Grads enjoy home comforts too muchNews
Posted on 16th August 2017, by James Howell
A new report by the Resolution Foundation shows graduates tend to stay in their home towns as regional migration takes a downturn.
In a report released this week by the Resolution Foundation shows graduates are hesitant to fly the nest after they return from university. The report, entitled 'Get A Move On? The decline in regional job-to-job moves and its impact on productivity and pay', shows the amount of people who have moved regions for work and an employers has declined from 0.8% to 0.6%.
Stephen Clark's report found the reluctance to move among graduates had a negative effect on their salaries, while those who do change employer and job enjoy an 11% increase on average. Clark also importantly notes the increase in graduates in non-graduate work has risen from 31% in 2001 to 35.6% last year.
The Resolution Foundation found different areas in the UK experienced predicatble problems with national migration. From 2013 to 2016, 39,000 more graduates moved to the south east than left. While areas like Yorkshire and Humberside, the North East and the West Midlands suffered a negative migration of graduates.
Stephen Clark says the problem does not just concern the individual who may miss out on a pay rise, but it impacts the whole UK.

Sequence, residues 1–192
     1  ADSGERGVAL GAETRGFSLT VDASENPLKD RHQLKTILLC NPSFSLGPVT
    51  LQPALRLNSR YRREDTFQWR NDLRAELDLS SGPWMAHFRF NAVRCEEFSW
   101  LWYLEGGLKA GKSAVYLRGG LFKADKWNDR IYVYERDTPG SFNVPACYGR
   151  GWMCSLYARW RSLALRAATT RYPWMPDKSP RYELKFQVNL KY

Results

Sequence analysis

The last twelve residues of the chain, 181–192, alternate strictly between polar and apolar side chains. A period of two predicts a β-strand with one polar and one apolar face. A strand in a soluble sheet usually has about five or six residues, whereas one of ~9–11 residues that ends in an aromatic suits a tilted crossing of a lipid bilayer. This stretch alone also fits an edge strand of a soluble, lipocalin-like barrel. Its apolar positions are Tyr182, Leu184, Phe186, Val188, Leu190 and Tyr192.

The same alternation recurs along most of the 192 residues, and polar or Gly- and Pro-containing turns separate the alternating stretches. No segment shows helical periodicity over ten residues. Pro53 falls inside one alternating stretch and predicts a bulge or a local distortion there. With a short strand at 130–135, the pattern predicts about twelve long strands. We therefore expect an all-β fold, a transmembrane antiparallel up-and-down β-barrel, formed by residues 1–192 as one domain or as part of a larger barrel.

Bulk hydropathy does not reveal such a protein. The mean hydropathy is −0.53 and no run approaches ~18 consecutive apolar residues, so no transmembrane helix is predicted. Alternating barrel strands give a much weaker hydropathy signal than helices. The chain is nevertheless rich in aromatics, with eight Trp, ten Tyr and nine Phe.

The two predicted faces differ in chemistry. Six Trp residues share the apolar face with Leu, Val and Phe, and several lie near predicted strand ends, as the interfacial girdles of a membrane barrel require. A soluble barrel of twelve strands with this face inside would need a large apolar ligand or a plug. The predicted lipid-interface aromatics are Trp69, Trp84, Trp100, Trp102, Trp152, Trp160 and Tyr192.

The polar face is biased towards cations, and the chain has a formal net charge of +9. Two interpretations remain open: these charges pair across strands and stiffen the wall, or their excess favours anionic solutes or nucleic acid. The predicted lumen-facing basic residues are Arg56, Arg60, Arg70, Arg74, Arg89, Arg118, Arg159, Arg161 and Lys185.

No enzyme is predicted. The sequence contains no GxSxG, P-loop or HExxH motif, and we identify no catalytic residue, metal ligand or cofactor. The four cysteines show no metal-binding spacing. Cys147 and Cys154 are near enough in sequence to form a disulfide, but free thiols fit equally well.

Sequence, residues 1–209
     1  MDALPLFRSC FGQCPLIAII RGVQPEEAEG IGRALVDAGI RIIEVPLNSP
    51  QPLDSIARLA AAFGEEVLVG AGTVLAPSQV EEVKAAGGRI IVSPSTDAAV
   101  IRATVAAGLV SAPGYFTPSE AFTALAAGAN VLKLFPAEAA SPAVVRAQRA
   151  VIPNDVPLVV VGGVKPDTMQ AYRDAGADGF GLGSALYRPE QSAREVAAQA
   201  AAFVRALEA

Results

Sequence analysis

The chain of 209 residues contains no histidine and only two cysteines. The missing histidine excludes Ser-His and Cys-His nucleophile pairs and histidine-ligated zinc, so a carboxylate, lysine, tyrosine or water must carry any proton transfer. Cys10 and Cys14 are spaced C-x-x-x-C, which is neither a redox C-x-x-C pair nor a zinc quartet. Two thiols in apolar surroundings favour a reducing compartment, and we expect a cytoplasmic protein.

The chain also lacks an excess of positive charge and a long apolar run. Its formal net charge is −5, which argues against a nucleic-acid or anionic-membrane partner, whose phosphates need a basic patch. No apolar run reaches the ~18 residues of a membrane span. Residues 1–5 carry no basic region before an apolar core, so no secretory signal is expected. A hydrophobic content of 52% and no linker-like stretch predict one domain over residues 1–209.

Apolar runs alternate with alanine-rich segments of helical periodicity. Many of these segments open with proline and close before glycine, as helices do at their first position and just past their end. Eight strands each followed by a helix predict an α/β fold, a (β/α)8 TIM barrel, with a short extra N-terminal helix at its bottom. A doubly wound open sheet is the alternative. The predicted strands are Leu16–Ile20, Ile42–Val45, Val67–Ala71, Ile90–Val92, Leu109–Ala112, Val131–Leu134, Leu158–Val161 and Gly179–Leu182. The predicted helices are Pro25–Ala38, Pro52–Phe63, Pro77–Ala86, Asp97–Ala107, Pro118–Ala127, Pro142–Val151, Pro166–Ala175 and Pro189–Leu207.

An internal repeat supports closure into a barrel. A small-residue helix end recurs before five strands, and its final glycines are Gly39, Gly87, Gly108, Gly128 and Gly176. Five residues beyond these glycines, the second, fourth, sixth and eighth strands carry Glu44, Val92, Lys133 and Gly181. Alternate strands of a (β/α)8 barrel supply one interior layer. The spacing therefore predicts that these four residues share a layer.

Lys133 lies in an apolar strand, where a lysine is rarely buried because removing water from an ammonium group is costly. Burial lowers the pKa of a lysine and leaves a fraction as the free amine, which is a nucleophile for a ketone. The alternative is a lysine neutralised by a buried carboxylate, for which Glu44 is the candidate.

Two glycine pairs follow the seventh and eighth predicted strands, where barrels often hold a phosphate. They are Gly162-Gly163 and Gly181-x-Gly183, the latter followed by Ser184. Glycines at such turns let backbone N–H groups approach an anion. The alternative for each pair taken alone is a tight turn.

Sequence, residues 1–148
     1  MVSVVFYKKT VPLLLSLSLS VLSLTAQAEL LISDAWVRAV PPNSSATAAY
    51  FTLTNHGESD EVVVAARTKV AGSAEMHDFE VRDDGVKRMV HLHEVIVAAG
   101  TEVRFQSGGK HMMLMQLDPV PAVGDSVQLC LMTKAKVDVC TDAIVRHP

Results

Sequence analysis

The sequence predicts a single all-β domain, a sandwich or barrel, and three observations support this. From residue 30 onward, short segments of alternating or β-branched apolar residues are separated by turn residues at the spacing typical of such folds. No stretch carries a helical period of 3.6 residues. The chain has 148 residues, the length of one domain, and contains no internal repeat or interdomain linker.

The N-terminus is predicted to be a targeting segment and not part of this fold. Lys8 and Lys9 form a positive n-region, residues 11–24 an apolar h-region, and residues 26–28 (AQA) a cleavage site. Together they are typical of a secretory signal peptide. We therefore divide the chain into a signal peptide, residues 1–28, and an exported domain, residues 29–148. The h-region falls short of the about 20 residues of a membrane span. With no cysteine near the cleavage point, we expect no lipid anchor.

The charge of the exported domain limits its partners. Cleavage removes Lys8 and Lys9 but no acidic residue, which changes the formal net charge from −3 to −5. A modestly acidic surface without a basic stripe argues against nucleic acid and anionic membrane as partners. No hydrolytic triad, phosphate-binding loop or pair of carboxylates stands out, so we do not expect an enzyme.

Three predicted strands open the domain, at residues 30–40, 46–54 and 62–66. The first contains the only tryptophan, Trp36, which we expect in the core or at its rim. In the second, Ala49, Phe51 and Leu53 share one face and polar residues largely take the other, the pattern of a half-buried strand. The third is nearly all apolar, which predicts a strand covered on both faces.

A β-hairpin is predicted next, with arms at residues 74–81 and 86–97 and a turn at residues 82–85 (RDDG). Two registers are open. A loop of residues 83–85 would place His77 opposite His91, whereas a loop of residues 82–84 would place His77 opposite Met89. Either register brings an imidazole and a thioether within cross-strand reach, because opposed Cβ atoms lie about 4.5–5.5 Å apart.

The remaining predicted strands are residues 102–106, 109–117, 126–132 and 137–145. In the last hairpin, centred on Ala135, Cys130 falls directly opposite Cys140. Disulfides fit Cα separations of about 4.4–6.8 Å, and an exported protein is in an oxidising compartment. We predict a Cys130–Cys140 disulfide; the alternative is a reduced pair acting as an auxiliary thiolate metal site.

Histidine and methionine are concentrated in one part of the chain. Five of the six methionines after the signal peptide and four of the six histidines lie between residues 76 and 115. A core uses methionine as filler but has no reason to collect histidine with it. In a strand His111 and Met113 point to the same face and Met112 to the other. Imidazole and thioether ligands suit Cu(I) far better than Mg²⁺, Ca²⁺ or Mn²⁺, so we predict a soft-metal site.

"Job mobility matters not just for the individual getting the pay rise but to our economy as a whole," he says.
"On a basic level that's about avoiding labour shortages, but more importantly in an economy nearing full employment, ensuring the talent and potential of individuals and firms doesn't go to waste is essential to boosting productivity."
"But not everyone can up sticks. Alongside encouraging more mobility among the minority of in-work people – such as young people and graduates – for whom it is often more feasible to move, we should be improving thinking on how people can move into jobs they are qualified for without uprooting their family's lives."
"That involves thinking not just about progression and employment, but housing and transport too."
Image Credit: Fabrizio Verrecchia
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